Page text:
Jeff Humphrey, Media Manager, 509.625.6308
Thursday, September 19, 2019 at 2:18 p.m.
At first glance, you would think Chris Lewis was just another Cougar graduate enjoying Manito Park. However, on September 13, Lewis was working a special assignment.
“Today I am a plainclothes police officer enforcing the law of not yielding to pedestrians when they cross,” said Officer Lewis of the Spokane Police Department’s Traffic Unit.
Lewis’ disguise, which consisted of shorts, Cougar T-shirt and backpack was convincing.
As Lewis ambled across Grand Boulevard, other uniformed officers stood by in their patrol cars and on their motorcycles, waiting to pull over drivers who failed to yield to Lewis after he entered the crosswalk.
Lewis narrated his actions as he stepped out into traffic.
“So here we have a marked crosswalk. I’m approaching it. The vehicles are outside the cones that are set, far enough away so that the vehicles should be able to stop. All vehicles have yielded to me. I give them a big ole thank you because that is the behavior we would like to see and encourage,” explained Lewis.
However, a woman walking her dogs across Grand Avenue could not seem to catch a break.
She was clearly inside the crosswalk, but a southbound silver car did not stop for her.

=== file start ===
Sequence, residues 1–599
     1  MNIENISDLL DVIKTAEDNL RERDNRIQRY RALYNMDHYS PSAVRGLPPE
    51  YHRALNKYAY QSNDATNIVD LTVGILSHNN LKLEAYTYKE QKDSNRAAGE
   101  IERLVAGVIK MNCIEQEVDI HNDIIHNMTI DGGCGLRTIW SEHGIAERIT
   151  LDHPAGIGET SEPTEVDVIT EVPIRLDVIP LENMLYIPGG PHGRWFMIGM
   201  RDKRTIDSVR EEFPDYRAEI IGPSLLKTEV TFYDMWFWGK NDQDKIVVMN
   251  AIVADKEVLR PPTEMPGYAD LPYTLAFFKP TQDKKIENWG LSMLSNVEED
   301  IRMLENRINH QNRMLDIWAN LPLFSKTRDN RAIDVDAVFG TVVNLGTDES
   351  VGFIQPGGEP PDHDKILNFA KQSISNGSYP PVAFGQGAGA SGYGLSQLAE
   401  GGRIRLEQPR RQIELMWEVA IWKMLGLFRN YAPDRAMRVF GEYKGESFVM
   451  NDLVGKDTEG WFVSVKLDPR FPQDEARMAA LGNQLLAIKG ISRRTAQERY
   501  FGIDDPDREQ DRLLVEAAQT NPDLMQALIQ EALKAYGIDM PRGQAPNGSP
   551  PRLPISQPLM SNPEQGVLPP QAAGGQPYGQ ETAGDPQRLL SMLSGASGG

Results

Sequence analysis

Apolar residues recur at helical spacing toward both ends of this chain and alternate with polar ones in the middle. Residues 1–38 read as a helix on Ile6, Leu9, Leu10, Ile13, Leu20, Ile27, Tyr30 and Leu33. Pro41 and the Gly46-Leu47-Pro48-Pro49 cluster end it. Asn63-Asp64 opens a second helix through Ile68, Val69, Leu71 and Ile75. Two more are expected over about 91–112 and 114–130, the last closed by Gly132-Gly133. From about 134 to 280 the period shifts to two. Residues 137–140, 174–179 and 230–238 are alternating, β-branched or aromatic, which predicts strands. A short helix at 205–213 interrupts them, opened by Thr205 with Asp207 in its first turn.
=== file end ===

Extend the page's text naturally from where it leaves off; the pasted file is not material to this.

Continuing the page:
Officer Lewis tried the same approach but this time, the driver who encroached on the occupied crosswalk received a $139 ticket.
“The pedestrian was in the center inside lane and she went right on by like, either she didn’t see him or didn’t know that they needed to stop,” Officer Brad Moon said as he pulled over the offending car.
“Hello, audio and video being recorded. Stopping you because you did not stop for the pedestrian there. Did you not see him,” Moon asked the driver. “Oh my gosh no,” she replied.
Both the WSP troopers and Spokane police officers working this special enforcement program worry distracted driving is leading to too many close calls on the roadway.
“Drivers, if they would put their phones down, leave the radio alone. Spend more of their time and energy focused on the roadway and the hazards. Looking out for pedestrians. If everybody is looking out for everybody, then the roadway is safer,” said Sgt. John Griffin, also a member of the Spokane Police Department’s Traffic Unit.
Spokane Police are also actively ticketing people for darting out into traffic. Pedestrian interference has become a common problem downtown.
However since no one wants to run into another person with their car, traffic officers say it is still up to the rest of us to drive defensively.
This pedestrian safety emphasis program was funded by a grant from the Washington Traffic Safety Commission.